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Is it possible to create a type (let's say degrees) and define specific operators for it? Such as: =, +, *, -, /, +=, *=, -=, /=.

I'm wondering this because I need to use degrees for one of my programs and I don't want to use a float object because using degrees a; a.value = 120; a.value = b.value + a.value; is redundant over a simple degrees a = 120; a = b+a;.

Now why don't I just use:

typedef float degrees;

? Well, because I need one more thing. When I write

degrees a;
a = 120;
a += 300;

a should be equal to 60 (420-360) because I don't really need a = 6150 when I can have a = 30 with the same effect. So I'd overload those operators to keep the value between 0 and 360.

Is it possible? And, if so, how?

share|improve this question
    
Absolutely. Where do you get stuck? – Vaughn Cato Dec 5 '12 at 3:06
    
Is it possible to create a type (let's say degrees) and define for it specific operators? Of course, through classes and operator overloading. Those are language features. – chris Dec 5 '12 at 3:06
1  
Just because it is a class doesn't mean you have to do things like that. – Vaughn Cato Dec 5 '12 at 3:09
1  
Just having a class overloading the assignment, binary arithmetic, and compound assignment operators would give you the syntax you request. – amc Dec 5 '12 at 3:15
1  
You can code a degree class, with operator overloaded, this will allow to do things like a = 120 ; a = b+a ; You have to use class, otherwise you can choose other language not C++, like Pascal allows you define subrange. Like in Pascal, type degree = 420..360 ; var a:degree ; – tomriddle_1234 Dec 5 '12 at 3:19
up vote 6 down vote accepted

The solution to your problem doesn't need Boost or any other libraries. You can achieve what you want by using C++ classes, and overloading both the mathematical operators you want (+, -, *, /, etc) and the assignment operators you want (=, +=, -=, etc) and the comparison operators you want (<, >, <=, >=, etc)... or really any operators you want!

For example:

#include <cmath>

class Degrees {
public:
    // *** constructor/other methods here ***
    Degrees& operator=(float rhs) {
        value = rhs;
        normalize();
        return *this;
    }
    Degrees& operator+=(const Degrees &rhs) {
        value += rhs.value;
        normalize();
        return *this;
    }
    Degrees operator+(const Degrees &rhs) {
        return Degrees(value + rhs.value);
    }

private:
    float value;
    void normalize() {
        value = std::fmod(value, 360);
    }
};

Then you can do things like this:

Degrees a, b; // suppose constructor initializes value = 0 in all of them
a = 10;
b = 20;
a += b; // now, a = 30.
Degrees c = a + b; // now, c = 50.

I've given you an example for overloading assignment and plus operators, but you can try this same thing with any other kind, and it should work.

share|improve this answer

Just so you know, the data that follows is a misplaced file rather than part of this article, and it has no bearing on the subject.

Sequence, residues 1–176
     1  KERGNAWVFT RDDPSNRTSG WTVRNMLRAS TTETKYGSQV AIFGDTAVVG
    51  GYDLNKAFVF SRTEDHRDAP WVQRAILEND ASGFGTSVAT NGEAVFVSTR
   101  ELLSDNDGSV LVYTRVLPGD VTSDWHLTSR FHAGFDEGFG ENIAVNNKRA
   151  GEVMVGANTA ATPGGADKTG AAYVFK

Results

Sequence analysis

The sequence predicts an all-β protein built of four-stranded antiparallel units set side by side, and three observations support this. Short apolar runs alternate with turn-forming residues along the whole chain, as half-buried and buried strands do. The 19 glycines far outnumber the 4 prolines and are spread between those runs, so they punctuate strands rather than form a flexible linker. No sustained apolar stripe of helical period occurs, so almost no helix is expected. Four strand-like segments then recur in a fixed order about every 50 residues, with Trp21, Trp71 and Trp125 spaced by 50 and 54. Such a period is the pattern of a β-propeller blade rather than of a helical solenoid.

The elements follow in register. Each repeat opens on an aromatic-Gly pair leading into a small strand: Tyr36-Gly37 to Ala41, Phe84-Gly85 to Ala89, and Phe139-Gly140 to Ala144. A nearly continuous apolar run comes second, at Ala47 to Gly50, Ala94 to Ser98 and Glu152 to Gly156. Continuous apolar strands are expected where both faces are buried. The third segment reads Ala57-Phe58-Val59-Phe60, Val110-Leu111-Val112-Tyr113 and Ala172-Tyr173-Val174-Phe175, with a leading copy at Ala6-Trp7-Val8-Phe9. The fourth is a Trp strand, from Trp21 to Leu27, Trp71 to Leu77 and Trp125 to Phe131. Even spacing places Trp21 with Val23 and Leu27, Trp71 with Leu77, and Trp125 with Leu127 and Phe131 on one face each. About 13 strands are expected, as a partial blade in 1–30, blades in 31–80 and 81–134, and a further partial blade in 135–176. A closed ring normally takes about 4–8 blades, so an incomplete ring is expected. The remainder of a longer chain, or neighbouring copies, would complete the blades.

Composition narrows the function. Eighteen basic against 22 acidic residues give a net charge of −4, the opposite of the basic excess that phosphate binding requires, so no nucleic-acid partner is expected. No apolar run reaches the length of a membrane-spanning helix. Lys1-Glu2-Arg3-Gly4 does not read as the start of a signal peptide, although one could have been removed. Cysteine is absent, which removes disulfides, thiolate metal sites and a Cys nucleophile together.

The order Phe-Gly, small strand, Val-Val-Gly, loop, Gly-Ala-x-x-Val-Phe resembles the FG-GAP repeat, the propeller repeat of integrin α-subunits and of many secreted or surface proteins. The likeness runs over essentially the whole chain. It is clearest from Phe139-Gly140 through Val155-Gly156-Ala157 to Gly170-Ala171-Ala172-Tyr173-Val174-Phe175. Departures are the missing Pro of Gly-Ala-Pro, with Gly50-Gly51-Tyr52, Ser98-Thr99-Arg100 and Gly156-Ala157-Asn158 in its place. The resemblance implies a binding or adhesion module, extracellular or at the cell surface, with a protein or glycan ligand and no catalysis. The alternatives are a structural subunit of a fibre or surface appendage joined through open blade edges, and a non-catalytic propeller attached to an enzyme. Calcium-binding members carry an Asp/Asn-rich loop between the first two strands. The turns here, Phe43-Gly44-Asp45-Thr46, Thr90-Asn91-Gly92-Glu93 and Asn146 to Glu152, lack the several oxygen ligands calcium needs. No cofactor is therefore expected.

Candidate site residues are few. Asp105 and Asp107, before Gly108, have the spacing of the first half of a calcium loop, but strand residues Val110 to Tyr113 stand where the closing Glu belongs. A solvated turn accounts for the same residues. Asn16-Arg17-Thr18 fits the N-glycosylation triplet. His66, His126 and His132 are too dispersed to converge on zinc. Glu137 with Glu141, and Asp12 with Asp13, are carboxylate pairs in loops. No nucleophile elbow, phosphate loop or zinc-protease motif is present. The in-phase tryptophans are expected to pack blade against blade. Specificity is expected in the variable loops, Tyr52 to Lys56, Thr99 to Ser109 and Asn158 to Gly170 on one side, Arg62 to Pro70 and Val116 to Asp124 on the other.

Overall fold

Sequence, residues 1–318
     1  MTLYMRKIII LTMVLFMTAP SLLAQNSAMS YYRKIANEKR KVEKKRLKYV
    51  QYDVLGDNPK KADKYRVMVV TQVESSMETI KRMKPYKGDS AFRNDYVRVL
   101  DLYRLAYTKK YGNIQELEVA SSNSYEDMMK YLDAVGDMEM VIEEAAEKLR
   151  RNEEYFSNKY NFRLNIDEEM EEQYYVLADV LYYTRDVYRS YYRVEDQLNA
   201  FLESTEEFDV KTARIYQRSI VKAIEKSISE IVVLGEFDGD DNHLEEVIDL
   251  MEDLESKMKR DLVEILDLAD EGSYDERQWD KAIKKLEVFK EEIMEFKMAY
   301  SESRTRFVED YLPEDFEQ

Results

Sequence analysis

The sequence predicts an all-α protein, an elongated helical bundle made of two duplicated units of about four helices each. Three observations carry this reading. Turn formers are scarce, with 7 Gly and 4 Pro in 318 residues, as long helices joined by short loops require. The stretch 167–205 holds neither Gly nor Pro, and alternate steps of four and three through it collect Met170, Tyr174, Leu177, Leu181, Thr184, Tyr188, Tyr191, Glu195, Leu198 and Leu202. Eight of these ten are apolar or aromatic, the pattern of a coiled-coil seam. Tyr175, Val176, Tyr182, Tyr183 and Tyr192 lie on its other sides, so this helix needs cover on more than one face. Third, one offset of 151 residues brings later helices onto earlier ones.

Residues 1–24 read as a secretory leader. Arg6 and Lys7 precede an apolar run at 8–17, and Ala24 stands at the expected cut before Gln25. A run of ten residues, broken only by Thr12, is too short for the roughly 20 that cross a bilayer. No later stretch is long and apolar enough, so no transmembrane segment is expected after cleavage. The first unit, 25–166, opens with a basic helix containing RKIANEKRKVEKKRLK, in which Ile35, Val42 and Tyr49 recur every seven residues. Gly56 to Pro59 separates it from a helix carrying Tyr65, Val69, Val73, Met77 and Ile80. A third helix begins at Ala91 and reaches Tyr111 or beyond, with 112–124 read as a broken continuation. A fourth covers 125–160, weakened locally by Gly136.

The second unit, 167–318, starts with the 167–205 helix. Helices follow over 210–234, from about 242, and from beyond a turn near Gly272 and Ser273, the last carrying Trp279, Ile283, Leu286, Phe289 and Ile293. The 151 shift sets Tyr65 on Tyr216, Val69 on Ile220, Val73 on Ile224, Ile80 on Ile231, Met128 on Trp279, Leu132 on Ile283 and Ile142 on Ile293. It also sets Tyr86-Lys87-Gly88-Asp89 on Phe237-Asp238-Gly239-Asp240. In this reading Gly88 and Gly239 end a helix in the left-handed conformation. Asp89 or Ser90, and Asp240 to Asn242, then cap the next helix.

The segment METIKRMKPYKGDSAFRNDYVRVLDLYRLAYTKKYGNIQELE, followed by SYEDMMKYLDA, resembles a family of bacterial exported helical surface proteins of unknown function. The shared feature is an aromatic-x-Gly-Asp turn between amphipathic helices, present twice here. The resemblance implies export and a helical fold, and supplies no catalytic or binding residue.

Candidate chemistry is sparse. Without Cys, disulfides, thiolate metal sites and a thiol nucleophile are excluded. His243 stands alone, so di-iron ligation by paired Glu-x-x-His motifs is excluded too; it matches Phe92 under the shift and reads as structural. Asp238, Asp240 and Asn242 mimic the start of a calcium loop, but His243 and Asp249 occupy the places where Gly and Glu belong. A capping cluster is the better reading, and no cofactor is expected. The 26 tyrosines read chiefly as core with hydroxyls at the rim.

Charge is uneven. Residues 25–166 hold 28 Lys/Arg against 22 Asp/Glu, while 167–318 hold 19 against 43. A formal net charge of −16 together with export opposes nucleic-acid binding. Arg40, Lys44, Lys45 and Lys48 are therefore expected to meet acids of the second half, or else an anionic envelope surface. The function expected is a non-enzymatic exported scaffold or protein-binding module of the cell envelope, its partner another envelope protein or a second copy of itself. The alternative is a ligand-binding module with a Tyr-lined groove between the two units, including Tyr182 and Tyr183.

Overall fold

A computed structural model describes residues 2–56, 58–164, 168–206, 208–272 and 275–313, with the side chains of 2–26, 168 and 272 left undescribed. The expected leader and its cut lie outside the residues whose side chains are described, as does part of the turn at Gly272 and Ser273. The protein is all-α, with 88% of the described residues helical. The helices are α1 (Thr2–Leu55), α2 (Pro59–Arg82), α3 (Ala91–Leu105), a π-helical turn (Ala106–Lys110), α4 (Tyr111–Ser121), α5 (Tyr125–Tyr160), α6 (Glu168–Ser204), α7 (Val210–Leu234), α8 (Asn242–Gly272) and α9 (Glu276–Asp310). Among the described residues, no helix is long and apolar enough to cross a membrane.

3  
fmodf is deprecated, you should use std::fmod . – tomriddle_1234 Dec 5 '12 at 3:28
2  
This might be a noob question but isn't this a pointer? Why are you using this.*? – Shoe Dec 5 '12 at 3:32
3  
There is no need for the assignment operator here. The Degree argument should already be in accordance to the class's contract. – GManNickG Dec 5 '12 at 3:35
2  
Seems to me some of these are a little more complex than necessary. For example, is there any reason that operator+ couldn't be just return Degrees(value + rhs.value);? – Jerry Coffin Dec 5 '12 at 3:46
1  
Yes, @Jeffrey, this is a pointer. The use of this.value is an error. – Robᵩ Dec 5 '12 at 5:43

Here is a starting place:

class Degrees {
  public:
    explicit Degrees(float value) : value(normalized(value)) { }

    Degrees &operator+=(Degrees that)
    {
      value += that.value;
      return *this;
    }
  private:
    float value;
};

inline Degrees operator+(Degrees a,Degrees b)
{
  a += b;
  return a;
}

Example usage:

{
  Degrees a(120);
  Degrees b(300);
  Degrees c = a+b;
}
share|improve this answer
    
This is one case where I'd consider an implicit conversion constructor good. – aschepler Dec 5 '12 at 3:15
    
(Style-wise, you should put mutating operators, like +=, as members, and then define non-mutating operators, like +, as free-functions that delegate to the member: Degrees operator+(Degrees first, const Degrees& second) { first += second; return first; }.) – GManNickG Dec 5 '12 at 3:15
1  
@Jeffrey: You certainly could have a method to get the value, but you wouldn't need to use it often. – Vaughn Cato Dec 5 '12 at 3:20
2  
@Jeffrey: No, member functions can access private members. – Vaughn Cato Dec 5 '12 at 3:23
3  
@Jeffrey, If you're confused because this object accesses the other object's value, it's on a class level, not an object level. They both belong to the same class, so they both have access to each other's private members. – chris Dec 5 '12 at 3:25

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